Like many Hindu festivals, Holi signifies the victory of good over evil.
Lord Vishnu in Narsimha avatar (Half Human half Lion) rescued his devotee – a child named Prahlad from being killed by his aunt Holika, and punished Prahlad’s evil father Hiranyakashipu by killing him. Hindus across the globe celebrate this festival at night by praying to Bonfire.
Holi is also the time when you throw colours on loved ones, play music and enjoy a feast with family and friends to express love and affection.
Ram-Navami Is a Hindu festival celebrating the Birth of Lord Rama (Avatar of Lord Vishnu) to King Dashrata and Queen Kaushalya in Ayodhya.
The celebration of Ram Navami is marked by observing a whole day fast and praying. It is believed that if a devotee sincerely observes the fast on Ram-Navami then he or she is blessed with good health and prosperity.
Raksha Bandhan is a Hindu festival that celebrates the bond between Brothers and Sisters.
It is the day when all the sisters tie a sacred thread, called Rakhdi/ Rakhi, on their brother’s right hand wrist and pray for their wellbeing. In return, the brother touches the sister’s feet asking for their blessings and vows to protect them throughout their lives.
Janmasthmi – Is a Hindu festival celebrating the Birth of Lord Krishna (Avatar of Lord Vishnu) in Mathura to Father Vasudeva and Mother Devaki while they were in Prison.
The celebration of Krishna Janmashtmi is marked by fasting and praying. It is believed that fasting helps devotees of Lord Krishna to get rid of helplessness.
Nand Utsav – Is the celebration of Lord Krishna in arrival in Gokul. Lord Krishna was brought to Gokul overnight by his father Vasudeva in order to keep him secured from his evil uncle Kansa. Gokul is also the place where Lord Krishna grew up in care of second set of parents – Father Nand and Mother Yashoda.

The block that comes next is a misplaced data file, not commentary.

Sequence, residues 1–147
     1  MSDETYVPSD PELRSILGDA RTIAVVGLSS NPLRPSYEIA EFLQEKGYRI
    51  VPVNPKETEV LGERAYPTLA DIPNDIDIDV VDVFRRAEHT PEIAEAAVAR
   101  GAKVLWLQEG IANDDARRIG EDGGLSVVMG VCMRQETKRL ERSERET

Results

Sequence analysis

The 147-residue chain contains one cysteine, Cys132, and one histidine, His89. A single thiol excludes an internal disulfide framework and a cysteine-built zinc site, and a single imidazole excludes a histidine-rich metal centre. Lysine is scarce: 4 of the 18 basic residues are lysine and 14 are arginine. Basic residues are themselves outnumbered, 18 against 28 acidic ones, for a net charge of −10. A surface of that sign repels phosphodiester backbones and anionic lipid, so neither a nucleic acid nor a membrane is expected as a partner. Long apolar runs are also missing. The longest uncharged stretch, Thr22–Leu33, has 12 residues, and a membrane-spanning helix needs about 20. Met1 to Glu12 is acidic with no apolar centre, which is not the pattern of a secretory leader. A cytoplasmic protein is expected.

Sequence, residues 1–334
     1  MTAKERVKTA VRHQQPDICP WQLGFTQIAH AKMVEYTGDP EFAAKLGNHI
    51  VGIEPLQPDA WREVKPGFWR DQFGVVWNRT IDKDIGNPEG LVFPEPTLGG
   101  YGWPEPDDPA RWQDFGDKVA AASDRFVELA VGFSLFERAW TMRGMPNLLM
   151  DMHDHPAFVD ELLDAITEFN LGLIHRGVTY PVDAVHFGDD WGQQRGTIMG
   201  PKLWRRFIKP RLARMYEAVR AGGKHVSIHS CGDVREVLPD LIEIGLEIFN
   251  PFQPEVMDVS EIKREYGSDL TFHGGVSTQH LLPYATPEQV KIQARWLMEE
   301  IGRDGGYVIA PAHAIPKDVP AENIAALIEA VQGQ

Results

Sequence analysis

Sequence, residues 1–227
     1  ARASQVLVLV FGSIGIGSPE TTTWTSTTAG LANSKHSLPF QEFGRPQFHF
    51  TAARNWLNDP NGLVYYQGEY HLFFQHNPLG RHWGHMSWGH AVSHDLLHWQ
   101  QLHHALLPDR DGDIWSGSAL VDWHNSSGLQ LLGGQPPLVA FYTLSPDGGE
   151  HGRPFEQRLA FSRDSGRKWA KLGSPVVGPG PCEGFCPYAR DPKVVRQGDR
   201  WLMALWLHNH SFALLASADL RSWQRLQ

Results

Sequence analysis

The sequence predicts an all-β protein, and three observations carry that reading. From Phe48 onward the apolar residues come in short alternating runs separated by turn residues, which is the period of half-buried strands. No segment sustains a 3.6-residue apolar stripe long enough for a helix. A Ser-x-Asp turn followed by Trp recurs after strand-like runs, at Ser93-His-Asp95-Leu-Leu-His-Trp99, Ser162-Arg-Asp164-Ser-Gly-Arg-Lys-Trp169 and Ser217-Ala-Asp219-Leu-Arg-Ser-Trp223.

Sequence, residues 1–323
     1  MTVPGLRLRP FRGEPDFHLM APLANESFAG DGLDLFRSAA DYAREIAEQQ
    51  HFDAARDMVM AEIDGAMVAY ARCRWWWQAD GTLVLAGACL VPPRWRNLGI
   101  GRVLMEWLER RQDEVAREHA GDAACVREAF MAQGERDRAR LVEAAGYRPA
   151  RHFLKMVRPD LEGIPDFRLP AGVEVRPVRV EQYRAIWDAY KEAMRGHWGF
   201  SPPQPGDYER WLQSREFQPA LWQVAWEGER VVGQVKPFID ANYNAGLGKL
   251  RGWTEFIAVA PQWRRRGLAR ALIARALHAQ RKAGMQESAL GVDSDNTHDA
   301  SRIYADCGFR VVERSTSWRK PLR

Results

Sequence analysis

Is a ritual accomplished to satiate one’s ancestors, especially deceased parents.
Navratri is the festival of Nine Nights dedicated to nine forms of Goddess Durga (the deity of Power):
Shailaputri, Brahmacharini, Chandraghanta, Kusumanda, Skandamata, Katyayani, Kaalratri
Maha Gauri and Siddhidatri
The festival symbolises victory of good over evil. Hindu communities celebrate this festival by gathering and praying to Goddess Durga by performing Aarti and traditional folk dancing known as Garba, Dandia and Ramjanyu.
Generally celebrated few days after Navratri on a full moon night. It marks the end of Monsoon and beginning of harvest festival.
A Hindu festival that is celebrated every autumn and it is famously known as ‘Festival of Lights’.
Diwali is celebrated to mark the victory of good over evil and the return of Lord Rama (Lord Vishnu’s Avatar) and his wife Sita to their kingdom from exile after defeating evil King Ravana.
Hindus across the globe celebrate this event by lighting fireworks, decorating their house with divas (candles), exchanging gifts and enjoying feasts with family and relatives.
The five day celebration consists of the following (based on Lunar calendar):
1) Dhan Teras – Day of Fortune
An auspicious day to buy jewellery (gold and silver).
2) Kali Chaudas (Naraka Chaturdasi) – Day of Knowledge
On this day Lord Krishna defeated demon Narakasura and rescued 16,000 princesses who were held captive.
3) Diwali – Festival of Lights
The day when Lord Rama returned to his Kingdom victorious. It is also the day when many worship Goddess Laxmi for good Health, Wealth and prosperity.
4) Navo Varas – Hindu/Gujarati New Year
This is the day when Hindu temples hold Annakut and Govardhan Puja. It is also the beginning of New Year based on Hindu Lunar calendar.
5) Bhai Beej (Bhai Duj) – Siblings Day (Sister’s Day)
The day when brothers promise to protect their sisters and offer gifts.